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CNers have asked about a donation box for Cloudy Nights over the years, so here you go. Donation is not required by any means, so please enjoy your stay.
If you're like me, you have probably seen Jupiter, Saturn, the Orion Nebula, and all of the sky's showpiece objects more times than you can count. And while they are truly spectacular and well worth revisiting, you may be looking for something new, something challenging to observe.
On March 12, 1781, the solar system was a simple, very well-behaved place that was best summed up with the phrase "what you see is what you get." There were the Sun, the Moon, and the five planets: Mercury, Venus, Mars, Jupiter, and Saturn. Apart from a handful of moons orbiting some of the planets and the occasional faint comet that required a telescope to be seen, the entire contents of the solar system was naked-eye territory.
As we say goodbye to summer and get ready to welcome in autumn, I thought I would offer not one, but two challenges this month to bridge the seasonal change. Both appear right next to each other in our sky but are millions of light years apart. And both require all the aperture you can throw at them to be seen.
The sky is full of weird sights. And among planetary nebulae, NGC 6445 is one of the strangest. Discovered by William Herschel on May 28, 1786, NGC 6445 shines at 11th magnitude. That's bright enough to be seen even through giant binoculars. Although visible in smaller apertures, it takes a 6-inch telescope for NGC 6445's true, if bizarre, nature to shine through. The nebula's brighter central shell looks like a dented rectangle. Nature rarely creates an amorphous form with sharp edges, and indeed, the peculiar appearance of NGC 6445 is due largely to our perspective as well as its age. But the look is very odd nonetheless. No wonder NGC 6445 has been nicknamed the Box Nebula.
Seyfert's Sextet, known to many as Hickson Compact Galaxy Group 79, is a tight gathering of galaxies in the northern corner of Serpens Caput. Serpens Caput is the western segment of this bisected constellation, marking the triangular head of the serpent that Ophiuchus is handling. Observing Seyfert's Sextet has been one of my pet projects for years. It's a fun little galactic rat pack for summer outings before we plunge headlong into the summer Milky Way.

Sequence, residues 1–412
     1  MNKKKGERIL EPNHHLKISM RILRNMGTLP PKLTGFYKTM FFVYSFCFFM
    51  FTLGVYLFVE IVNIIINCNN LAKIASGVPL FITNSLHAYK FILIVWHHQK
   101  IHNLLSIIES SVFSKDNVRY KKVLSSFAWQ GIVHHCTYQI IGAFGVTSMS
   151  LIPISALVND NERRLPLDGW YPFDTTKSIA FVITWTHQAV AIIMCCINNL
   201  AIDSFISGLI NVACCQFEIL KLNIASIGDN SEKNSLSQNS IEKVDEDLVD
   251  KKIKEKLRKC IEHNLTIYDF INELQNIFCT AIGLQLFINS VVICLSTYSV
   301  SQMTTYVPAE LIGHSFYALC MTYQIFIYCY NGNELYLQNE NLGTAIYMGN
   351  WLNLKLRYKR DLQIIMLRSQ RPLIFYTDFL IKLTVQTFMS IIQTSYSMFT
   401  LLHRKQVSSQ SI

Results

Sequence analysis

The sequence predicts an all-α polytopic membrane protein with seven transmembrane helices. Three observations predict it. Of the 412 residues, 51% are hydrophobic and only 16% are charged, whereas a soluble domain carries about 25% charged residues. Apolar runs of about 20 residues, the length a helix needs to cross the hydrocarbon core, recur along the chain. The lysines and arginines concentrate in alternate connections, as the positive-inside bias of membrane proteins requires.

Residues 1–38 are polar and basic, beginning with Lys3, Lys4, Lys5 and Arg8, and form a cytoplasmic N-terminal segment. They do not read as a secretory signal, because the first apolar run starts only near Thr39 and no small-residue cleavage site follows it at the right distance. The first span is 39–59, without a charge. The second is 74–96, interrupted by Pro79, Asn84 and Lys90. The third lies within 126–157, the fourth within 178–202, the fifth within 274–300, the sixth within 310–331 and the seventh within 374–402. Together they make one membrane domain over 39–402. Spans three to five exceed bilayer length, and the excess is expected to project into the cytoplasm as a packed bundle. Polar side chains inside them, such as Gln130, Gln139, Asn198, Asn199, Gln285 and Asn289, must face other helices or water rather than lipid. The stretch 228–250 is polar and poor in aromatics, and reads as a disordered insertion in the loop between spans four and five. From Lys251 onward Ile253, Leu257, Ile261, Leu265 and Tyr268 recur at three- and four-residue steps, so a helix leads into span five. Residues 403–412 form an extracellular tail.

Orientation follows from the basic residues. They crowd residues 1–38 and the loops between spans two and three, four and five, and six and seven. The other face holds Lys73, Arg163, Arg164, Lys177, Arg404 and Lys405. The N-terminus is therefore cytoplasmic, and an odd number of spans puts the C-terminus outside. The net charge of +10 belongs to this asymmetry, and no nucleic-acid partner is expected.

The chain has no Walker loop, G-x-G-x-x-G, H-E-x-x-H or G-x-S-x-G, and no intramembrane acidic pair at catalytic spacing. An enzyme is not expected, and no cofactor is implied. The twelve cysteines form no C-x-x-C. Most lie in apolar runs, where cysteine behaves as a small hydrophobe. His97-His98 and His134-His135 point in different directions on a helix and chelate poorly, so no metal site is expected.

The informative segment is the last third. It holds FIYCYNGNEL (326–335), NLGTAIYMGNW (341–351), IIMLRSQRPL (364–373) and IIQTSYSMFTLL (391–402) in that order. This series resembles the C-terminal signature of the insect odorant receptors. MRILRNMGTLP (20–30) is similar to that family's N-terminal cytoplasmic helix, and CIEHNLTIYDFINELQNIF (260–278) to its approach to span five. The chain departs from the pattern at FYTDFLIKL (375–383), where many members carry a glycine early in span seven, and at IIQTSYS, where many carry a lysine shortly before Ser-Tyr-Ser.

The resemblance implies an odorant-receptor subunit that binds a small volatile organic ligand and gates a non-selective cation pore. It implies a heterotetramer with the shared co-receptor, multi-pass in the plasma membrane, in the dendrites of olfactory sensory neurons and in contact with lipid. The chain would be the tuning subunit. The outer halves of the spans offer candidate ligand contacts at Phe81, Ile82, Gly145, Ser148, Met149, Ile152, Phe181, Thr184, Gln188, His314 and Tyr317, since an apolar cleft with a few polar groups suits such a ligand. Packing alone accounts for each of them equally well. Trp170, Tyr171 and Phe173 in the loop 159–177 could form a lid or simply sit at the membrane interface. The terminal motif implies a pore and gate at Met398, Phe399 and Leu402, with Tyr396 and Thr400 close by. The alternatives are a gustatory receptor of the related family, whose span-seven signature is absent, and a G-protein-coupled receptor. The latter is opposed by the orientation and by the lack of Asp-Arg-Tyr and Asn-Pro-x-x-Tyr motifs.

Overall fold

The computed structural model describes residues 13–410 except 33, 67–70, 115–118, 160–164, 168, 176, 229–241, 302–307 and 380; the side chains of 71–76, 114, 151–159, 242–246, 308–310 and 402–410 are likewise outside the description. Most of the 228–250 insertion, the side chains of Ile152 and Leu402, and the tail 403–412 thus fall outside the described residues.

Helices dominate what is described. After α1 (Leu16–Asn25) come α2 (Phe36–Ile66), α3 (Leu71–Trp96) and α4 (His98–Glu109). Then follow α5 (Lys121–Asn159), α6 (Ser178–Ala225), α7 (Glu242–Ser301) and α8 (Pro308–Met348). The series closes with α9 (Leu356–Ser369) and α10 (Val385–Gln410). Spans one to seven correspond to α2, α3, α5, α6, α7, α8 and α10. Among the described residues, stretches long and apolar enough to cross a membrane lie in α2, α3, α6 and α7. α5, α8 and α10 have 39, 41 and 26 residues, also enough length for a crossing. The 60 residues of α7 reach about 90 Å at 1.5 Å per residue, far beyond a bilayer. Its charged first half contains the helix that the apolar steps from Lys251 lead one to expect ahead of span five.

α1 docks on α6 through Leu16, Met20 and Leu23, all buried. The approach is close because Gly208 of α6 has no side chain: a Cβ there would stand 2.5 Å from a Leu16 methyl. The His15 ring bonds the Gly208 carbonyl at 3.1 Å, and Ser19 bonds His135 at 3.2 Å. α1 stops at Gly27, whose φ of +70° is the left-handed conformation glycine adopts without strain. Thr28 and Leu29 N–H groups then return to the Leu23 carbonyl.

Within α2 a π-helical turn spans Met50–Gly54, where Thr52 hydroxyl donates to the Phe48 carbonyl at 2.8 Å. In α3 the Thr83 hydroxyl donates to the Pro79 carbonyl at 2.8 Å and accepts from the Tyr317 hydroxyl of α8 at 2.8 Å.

What is your favorite lunar feature? Maybe it's the mighty craters Copernicus or Tycho. Or could it be the historic Sea of Tranquility? Perhaps you enjoy visiting the rugged southern highlands around Clavius, or the Apennine and Alp Mountains. If I had to come up with my favorite target, it would have to be a far more modest sight. I always enjoy looking for and at the Straight Wall.
Most agree that the Messier catalog of deep-sky objects stands as the finest single compilation of star clusters, nebulae, and galaxies visible from the northern hemisphere. When it comes time to single out the finest of the list's 109 entries, however, we often have trouble agreeing. Is it the Orion Nebula, M42; the Great Globular Cluster, M13; or maybe the Ring Nebula, M57? So many choices! One thing is for certain -- you'll never find Messier's 40th entry on anyone's "finest" list.
You have undoubtedly heard of the Leo Trio, made up of M65, M66, and NGC 3628. But how about the Leo Trio 2? The Leo Trio 2 are tucked snuggly into the constellation's northernmost quadrant, some 7° north of the Leo "sickle."
The constellation Cancer the Crab may not be much to look at, but it holds some fascinating objects within its emaciated body. Case in point: Arp 82, the 82nd entry in Halton Arp's Atlas of Peculiar Galaxies. Made up of NGC 2535 and NGC 2536, Arp 82 is a strange pair that seems to be experiencing a galactic version of arrested development.
Although most globular clusters line the summer sky as they huddle around the core of our galaxy, there are a few renegades that have stepped out on their own to occupy regions far beyond the rest. One such globular, nestled behind the rich Milky Way star fields of Puppis, is NGC 2298.